The ancient semi-nomadic pastoralist tribe in the arid lands of Namibia, known as the Himba, have been favorites to photographers. Their fame for the decorated styles spread beyond the remote Kunene region, where they live, tending livestock. A practice that men do not perform, Himba women apply a paste of butter, fat and red ochre (sometimes scented with aromatic potion) called otjize to their skin and hair each morning, giving them a distinctive red tint. There has been a lot of speculation about the origins of this practice, and some argue that it protects the skin from the sun or repels insects. But Himba considers it an aesthetic act of beautification, a traditional type of makeup that is applied every morning after waking up. This practice has survived generations of war, farming, and drought.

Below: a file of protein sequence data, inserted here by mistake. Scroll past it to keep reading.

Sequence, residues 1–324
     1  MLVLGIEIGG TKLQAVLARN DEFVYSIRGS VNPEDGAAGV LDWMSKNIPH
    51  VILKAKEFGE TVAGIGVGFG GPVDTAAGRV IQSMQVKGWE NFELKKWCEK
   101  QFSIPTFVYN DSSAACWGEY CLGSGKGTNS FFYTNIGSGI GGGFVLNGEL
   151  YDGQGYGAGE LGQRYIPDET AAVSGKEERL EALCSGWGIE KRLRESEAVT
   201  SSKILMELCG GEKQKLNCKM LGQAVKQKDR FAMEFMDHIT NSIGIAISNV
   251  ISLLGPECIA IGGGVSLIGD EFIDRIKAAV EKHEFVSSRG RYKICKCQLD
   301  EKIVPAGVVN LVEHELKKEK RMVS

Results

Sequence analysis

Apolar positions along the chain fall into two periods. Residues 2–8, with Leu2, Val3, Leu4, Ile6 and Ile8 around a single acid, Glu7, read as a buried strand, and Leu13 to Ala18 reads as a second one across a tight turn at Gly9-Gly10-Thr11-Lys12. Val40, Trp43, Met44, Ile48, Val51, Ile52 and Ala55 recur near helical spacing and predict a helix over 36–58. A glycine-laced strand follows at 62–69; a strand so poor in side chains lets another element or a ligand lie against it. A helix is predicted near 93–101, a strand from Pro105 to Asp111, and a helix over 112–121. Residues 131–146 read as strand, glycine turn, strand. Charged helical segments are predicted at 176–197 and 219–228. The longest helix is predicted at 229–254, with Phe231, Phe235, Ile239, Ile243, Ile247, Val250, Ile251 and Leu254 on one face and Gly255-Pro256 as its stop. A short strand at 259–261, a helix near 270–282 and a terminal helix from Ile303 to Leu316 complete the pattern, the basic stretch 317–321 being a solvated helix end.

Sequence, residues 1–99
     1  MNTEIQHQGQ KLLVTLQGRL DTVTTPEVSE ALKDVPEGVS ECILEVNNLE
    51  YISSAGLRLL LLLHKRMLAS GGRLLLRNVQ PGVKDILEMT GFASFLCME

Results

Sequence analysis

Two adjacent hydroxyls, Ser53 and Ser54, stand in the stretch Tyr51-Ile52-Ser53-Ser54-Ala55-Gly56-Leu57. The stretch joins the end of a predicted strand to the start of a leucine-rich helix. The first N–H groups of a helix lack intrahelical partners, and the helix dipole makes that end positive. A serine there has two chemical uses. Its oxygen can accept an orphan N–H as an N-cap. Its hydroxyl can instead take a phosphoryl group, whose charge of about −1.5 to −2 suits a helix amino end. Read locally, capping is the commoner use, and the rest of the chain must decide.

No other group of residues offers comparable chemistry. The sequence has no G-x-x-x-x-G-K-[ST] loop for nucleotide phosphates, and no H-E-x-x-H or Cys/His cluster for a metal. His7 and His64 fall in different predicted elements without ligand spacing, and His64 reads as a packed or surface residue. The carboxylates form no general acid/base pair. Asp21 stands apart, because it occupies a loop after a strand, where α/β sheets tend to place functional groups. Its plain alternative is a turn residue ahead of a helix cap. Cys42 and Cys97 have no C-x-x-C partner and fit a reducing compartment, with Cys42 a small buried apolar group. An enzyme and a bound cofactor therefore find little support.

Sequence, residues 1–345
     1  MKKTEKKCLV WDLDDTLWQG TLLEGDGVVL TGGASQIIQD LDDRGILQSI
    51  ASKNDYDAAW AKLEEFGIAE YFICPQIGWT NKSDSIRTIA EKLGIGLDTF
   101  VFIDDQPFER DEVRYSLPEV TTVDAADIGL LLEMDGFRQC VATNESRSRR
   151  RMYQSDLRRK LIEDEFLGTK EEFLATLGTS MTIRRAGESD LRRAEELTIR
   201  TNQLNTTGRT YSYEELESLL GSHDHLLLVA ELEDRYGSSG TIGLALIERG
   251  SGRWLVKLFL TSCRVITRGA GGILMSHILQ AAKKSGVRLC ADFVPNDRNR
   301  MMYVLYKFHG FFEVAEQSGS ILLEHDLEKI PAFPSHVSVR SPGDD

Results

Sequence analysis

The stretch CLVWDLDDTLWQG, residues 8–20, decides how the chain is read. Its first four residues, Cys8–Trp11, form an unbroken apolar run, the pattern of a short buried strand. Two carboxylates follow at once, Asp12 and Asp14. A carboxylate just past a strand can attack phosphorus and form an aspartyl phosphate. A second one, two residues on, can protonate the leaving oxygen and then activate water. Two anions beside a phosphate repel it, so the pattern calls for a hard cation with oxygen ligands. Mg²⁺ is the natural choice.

They are mostly pastoral people and are welcome to visitors who come to witness about their way of life.
The Himba houses, numbered between 30,000 and 50,000, are round structures built posts of saplings, with a domed roof coated in mud and manure, or simple huts made of mud.
Whether it is a protective measure against the hot environment or just a cultural trait, the Namibian Red Women of the Himba tribe have a unique sense of fashion and style that has become an iconic image of Africa.